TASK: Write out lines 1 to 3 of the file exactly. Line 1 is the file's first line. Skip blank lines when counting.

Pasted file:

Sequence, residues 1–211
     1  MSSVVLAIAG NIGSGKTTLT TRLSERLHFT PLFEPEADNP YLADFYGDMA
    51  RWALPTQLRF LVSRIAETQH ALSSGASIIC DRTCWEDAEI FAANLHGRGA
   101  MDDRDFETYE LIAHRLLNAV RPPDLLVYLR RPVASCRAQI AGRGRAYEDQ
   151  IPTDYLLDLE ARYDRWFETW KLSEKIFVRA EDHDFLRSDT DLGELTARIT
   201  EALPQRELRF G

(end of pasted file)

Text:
Sequence, residues 1–211
     1  MSSVVLAIAG NIGSGKTTLT TRLSERLHFT PLFEPEADNP YLADFYGDMA
    51  RWALPTQLRF LVSRIAETQH ALSSGASIIC DRTCWEDAEI FAANLHGRGA